Monday, September 13, 2010

Birthday Celebrations

Last night Claire had a small get together planned for my birthday! Underneath the English letters is Happy Birthday in Hebrew.

Claire managed to find a gluten free cake mix for me. She added six sparkle candles to the cake not the full number because we didn't want to set off the smoke detector. They were trick candles and it took me three minutes to blow them all out.

Here we have the card and chocolate bar that Anna K gave me. Notice the all important cow on the wrapper.

Sonja and Yujin brought me flowers and a pomegranate.
They hand made a card for me.

Claire also helped add to the collection of cows with Cow capsule stickers! They are made in Korea but the sayings on them are in English. Most of what they say doesn't make any sense. Each sticker has a little cow or something with cow spots on it that moves around in the sticker. My favorite one says Happy Virus! I don't think they had anyone check the English before making them. Cow capsules gotta collect 'em all!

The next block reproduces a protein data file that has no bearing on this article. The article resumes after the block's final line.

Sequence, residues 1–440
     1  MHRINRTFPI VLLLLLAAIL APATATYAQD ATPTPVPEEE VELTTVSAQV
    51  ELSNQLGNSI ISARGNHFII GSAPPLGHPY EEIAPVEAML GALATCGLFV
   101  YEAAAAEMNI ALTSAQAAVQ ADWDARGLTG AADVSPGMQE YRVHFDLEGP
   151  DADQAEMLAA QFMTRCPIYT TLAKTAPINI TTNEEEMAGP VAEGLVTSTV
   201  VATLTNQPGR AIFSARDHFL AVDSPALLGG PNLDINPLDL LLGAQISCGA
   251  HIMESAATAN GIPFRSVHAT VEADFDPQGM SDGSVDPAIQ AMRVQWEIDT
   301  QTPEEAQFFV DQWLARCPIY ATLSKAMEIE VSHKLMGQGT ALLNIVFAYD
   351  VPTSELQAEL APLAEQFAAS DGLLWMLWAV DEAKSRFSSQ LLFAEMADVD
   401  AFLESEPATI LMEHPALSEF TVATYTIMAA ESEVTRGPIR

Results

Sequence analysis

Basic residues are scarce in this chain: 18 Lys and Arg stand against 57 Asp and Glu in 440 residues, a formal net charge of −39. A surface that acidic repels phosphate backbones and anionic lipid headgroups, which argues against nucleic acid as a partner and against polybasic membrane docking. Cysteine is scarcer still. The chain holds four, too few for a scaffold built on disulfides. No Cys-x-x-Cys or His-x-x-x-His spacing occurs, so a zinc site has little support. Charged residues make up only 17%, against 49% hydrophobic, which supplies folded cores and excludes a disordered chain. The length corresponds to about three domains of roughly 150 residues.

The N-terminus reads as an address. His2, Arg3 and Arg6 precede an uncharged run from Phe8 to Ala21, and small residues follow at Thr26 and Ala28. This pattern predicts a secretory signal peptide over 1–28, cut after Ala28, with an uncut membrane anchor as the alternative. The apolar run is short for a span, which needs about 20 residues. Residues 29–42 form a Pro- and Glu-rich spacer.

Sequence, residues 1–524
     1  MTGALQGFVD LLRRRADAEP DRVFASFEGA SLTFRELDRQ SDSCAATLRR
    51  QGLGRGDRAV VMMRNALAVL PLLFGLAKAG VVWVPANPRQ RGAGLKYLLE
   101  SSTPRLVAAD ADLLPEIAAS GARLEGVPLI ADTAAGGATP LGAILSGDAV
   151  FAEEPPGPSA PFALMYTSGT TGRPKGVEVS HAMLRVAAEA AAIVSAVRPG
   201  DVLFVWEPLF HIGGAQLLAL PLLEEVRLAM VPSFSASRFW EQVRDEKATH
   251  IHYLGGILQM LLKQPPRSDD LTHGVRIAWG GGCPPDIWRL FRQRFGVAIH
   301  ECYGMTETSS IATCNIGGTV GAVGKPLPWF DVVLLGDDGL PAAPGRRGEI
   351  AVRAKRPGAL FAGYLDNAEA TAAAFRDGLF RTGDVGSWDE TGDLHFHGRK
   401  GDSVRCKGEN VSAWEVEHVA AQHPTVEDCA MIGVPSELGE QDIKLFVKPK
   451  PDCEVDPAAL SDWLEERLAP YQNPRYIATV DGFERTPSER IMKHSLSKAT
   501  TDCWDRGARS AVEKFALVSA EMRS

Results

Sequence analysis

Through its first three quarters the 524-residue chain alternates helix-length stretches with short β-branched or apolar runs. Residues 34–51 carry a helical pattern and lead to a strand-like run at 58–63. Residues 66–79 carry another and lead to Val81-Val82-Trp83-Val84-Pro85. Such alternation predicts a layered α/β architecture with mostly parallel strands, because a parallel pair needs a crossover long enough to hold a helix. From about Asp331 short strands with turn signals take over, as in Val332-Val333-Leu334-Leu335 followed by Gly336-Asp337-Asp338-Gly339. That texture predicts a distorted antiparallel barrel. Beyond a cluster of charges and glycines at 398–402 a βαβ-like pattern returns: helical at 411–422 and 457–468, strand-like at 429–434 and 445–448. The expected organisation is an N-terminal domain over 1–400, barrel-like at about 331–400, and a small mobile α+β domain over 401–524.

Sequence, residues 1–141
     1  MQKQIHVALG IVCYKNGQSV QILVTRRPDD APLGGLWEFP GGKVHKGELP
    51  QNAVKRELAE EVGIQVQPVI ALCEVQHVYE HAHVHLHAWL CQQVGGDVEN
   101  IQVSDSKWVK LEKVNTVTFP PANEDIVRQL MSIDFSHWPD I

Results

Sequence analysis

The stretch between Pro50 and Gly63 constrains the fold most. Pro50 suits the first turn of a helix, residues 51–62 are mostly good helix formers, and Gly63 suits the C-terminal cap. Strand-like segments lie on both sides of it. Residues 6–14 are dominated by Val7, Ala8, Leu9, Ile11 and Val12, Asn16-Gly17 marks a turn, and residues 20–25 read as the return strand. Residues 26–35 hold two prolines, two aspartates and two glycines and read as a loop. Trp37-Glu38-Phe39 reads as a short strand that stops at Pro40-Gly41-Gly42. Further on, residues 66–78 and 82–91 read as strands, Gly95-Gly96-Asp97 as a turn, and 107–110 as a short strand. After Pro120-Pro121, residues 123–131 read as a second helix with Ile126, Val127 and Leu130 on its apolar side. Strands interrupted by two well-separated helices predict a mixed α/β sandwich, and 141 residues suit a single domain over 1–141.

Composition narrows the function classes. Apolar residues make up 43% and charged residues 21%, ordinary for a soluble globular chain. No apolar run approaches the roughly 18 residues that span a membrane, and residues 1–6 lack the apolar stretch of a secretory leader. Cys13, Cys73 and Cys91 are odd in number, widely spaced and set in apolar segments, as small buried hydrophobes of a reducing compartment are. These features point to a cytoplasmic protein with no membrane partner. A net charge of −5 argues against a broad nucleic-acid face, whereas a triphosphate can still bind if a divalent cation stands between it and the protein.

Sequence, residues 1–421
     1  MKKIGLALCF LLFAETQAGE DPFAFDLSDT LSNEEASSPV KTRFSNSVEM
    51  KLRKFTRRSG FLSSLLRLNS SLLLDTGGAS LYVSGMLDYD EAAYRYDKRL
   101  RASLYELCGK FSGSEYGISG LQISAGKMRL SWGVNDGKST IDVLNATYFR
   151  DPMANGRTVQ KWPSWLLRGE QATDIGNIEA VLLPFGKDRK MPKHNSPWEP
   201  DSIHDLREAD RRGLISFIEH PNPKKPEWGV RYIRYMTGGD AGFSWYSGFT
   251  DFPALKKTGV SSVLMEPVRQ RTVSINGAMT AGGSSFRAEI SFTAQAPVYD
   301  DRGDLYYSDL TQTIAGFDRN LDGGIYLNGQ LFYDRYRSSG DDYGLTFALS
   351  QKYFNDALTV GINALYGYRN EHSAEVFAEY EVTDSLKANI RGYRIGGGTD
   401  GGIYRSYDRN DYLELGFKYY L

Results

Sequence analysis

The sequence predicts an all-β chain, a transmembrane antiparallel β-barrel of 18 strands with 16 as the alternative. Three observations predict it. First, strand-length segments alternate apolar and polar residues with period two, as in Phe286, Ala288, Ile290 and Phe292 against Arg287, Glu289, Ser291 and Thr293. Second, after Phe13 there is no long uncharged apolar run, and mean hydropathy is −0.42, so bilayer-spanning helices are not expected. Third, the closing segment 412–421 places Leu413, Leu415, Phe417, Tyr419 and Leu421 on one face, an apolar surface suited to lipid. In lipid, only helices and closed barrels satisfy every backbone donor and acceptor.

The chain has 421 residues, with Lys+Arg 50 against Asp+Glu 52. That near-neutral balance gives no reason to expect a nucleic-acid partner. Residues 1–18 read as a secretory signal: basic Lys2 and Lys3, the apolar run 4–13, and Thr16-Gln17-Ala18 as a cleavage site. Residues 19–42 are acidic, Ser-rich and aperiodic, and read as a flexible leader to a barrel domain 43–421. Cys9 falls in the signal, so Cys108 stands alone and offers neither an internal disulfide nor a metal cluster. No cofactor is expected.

My birthday party was unique I got the Happy Birthday song in 10 different languages: English, Hebrew, Finish, Korean,Russian, German, French, Chinese, Spanish, and Portuguese. That is one of the benefits of going to an International school!
Uncle Joe- Yes my quote was from Mulan. It wasn't coffee it was actually English Breakfast tea. I haven't been to any of the antiquities shops yet but I did hear about them when I took Biblical Archaeology. I think the pomegranate you are referring to was later declared to be a fraud.
Nikki-You peel the eggplant then soak it in water for three minutes, take it out and dice it. Then put the diced eggplant back in the water to soak for another two to three minutes before sauteing.